YESTERDAY it appeared Ivan Baranchyk was an unhappy man who was fed up with the World Boxing Super Series and on the verge of pulling out of the tournament. Today, however, he has been confirmed as Josh Taylor’s opponent on May 18 at The SSE Hydro, Glasgow, and seemingly either had a change of heart or was never all that troubled in the first place.
Whatever the truth, the IBF super-lightweight champion from Belarus is apparently up for his trip to Scotland and more than happy to remain on course to lift the WBSS’ Muhammad Ali Trophy.
“My nature, effort and my love of boxing will help me get the Ali Trophy,” said ‘The Beast’ Baranchyk, 19-0 (12).
Scotland’s Taylor, meanwhile, a man with a bit more to say, now has the chance to become a world champion, having won WBC silver honours and Commonwealth honours in previous fights.
“I am delighted to be fighting for the world title,” said Taylor, 14-0 (12). “It is a childhood dream to become a world champion. I am very confident I will win and do it in fashion.”
Back in November, Taylor impressed with a seventh-round stoppage of unbeaten American Ryan Martin. One week before that, Baranchyk scored a seventh-round stoppage of his own against Sweden’s Anthony Yigit. Both are on form, then, and both, more importantly, want to continue their participation in a tournament scaremongers say is in danger of falling apart.
“We are super-excited to bring the biggest boxing event to Scotland in many years,” said Kalle Sauerland, Comosa’s Chief Boxing Officer. “It is not only a night of world championship boxing but also the massive opportunity to claim a place in the final of the World Boxing Super Series and be crowned the best super-lightweight in the world.”
Anthony Yarde has been talking about fighting the best in the world for some time now but has yet to show the same kind of ambition in his choice of opposition.
He fights the best opponent of his career on February 23, in the shape of former European champion Mehdi Amar, but would still appear to be some way off fighting the elite of the light-heavyweight division.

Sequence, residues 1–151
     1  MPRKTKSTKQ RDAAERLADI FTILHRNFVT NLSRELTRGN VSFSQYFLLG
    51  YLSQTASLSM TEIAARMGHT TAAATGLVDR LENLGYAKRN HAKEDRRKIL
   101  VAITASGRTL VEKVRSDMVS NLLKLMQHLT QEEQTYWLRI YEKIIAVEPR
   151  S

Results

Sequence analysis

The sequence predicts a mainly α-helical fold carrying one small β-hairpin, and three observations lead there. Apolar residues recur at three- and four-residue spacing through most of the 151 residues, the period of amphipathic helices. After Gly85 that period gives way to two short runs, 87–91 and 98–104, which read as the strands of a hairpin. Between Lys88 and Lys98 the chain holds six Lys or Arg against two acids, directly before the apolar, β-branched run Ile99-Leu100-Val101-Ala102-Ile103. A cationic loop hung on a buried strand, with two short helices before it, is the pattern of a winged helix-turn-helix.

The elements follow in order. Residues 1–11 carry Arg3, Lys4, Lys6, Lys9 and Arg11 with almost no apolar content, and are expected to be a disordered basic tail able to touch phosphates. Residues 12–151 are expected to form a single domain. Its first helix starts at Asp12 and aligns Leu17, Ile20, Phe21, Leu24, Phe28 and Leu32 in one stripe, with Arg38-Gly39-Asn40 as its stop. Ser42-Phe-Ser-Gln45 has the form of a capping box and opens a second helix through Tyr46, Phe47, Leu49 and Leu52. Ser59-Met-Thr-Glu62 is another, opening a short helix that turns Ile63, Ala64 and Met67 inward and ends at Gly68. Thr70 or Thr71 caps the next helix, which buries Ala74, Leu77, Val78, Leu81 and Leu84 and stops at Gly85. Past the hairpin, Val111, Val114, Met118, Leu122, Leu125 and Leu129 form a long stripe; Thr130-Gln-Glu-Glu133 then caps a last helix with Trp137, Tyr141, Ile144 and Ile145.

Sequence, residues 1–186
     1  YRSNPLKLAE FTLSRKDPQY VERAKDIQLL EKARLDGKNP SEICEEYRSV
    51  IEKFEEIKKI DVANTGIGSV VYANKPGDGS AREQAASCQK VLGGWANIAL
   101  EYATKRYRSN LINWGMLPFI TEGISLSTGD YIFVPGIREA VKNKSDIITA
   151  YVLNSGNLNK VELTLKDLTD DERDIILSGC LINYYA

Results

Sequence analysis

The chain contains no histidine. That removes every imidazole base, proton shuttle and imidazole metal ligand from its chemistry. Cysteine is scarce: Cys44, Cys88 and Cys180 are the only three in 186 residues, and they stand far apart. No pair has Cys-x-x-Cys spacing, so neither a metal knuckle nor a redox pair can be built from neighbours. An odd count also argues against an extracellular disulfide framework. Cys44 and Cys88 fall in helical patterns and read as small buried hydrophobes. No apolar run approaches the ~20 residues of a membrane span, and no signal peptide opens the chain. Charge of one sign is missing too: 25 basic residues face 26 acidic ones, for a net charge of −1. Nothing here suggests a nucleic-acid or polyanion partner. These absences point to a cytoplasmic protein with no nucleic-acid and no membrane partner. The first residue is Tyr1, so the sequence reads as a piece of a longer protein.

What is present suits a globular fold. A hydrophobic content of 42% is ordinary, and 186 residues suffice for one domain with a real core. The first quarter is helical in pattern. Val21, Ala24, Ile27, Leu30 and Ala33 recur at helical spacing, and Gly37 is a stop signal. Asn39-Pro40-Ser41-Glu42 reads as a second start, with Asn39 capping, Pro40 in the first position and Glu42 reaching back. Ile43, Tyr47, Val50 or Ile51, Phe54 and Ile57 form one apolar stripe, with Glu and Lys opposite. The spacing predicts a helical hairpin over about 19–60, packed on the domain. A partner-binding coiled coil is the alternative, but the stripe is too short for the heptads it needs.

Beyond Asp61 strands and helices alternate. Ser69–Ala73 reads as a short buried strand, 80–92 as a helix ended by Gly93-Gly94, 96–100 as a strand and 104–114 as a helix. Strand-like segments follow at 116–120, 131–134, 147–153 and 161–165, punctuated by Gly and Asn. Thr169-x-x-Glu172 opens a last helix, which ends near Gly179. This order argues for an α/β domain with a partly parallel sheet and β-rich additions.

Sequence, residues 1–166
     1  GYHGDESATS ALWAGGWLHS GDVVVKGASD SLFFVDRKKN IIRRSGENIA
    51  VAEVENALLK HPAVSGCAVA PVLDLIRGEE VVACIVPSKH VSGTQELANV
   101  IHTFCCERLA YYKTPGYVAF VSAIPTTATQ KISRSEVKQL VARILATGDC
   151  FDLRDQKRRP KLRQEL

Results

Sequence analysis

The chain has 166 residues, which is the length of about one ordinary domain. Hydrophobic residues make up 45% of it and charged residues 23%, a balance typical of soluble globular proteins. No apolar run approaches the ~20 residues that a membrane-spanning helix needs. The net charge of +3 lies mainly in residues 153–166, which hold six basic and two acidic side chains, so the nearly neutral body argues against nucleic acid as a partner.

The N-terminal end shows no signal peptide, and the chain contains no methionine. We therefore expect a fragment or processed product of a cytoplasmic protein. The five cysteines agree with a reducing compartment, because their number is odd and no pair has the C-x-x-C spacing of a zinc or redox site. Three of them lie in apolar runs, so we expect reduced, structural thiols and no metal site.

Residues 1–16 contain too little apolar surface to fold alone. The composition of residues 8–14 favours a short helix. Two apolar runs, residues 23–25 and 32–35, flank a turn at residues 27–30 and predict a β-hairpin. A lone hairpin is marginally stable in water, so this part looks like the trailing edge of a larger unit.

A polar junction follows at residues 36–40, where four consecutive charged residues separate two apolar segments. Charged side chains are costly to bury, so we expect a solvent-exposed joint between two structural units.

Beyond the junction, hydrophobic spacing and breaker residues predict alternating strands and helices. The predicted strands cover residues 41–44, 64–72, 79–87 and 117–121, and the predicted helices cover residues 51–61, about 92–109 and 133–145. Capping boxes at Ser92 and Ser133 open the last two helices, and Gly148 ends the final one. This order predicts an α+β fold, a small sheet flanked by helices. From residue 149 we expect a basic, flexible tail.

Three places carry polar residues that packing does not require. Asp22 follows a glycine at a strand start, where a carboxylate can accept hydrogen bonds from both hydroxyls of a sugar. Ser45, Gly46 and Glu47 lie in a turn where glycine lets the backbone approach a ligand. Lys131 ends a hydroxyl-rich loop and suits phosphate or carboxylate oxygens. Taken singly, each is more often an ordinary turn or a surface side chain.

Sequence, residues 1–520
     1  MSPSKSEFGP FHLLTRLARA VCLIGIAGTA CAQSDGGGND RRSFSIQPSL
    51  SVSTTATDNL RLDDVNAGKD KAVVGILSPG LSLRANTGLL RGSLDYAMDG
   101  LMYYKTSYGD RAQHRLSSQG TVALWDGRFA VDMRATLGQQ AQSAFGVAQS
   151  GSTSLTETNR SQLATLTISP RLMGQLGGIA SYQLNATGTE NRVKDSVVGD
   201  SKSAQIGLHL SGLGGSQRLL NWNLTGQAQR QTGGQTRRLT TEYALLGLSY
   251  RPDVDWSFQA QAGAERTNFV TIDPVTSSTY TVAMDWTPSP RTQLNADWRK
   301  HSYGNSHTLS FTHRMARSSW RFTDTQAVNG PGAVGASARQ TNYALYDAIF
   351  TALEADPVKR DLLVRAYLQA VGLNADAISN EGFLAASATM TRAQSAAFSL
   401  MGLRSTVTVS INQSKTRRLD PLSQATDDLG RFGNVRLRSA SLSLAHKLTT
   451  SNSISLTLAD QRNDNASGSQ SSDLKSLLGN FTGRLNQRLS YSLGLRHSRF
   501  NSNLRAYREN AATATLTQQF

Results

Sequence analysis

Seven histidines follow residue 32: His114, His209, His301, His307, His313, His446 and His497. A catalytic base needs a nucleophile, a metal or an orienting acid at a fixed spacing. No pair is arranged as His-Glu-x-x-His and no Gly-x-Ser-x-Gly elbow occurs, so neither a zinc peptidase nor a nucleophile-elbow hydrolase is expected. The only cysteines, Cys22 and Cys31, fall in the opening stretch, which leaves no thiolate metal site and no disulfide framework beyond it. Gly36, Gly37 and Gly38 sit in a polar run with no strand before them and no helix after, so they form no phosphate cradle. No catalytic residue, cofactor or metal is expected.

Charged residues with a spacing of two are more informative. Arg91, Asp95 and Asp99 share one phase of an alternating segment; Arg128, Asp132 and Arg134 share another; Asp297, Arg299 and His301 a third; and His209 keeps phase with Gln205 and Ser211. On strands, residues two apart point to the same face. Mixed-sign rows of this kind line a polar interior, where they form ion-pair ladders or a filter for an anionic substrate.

That’s not to say he isn’t getting close, though. In fact, should the 27-year-old do an impressive job on Amar, thus securing the 18th straight win of his pro career, there’s every chance he will be mandated by the WBO and considered next in line to face the winner of this Saturday’s WBO light-heavyweight title fight between Eleider Alvarez and Sergey Kovalev.
“These are the world champions and I’ve always said it doesn’t matter who the champion is, I have just got to be ready for when I get to that stage,” said Yarde, a WBO intercontinental champion. “I am very nearly at that stage now. I am ranked number one by the WBO and number eight in the world by BoxRec, so that is a very big position – top 10 in the world after 17 fights.
“It shows I am doing something right and I’ve just got to keep working hard.
“I might watch Alvarez-Kovalev, but I won’t be watching it to see what they are doing because I try not to watch my opponents to see what they are doing well.
“If you consistently watch a possible opponent you start to worry about what they do well. I just need to worry about what I do. I’ve seen Kovalev fight a few times – before I was even a professional – so I know what he is about, and I know he is slowing down, although he has still got the power, obviously.
“But until I am booked to fight these guys I don’t need to pay them any attention.”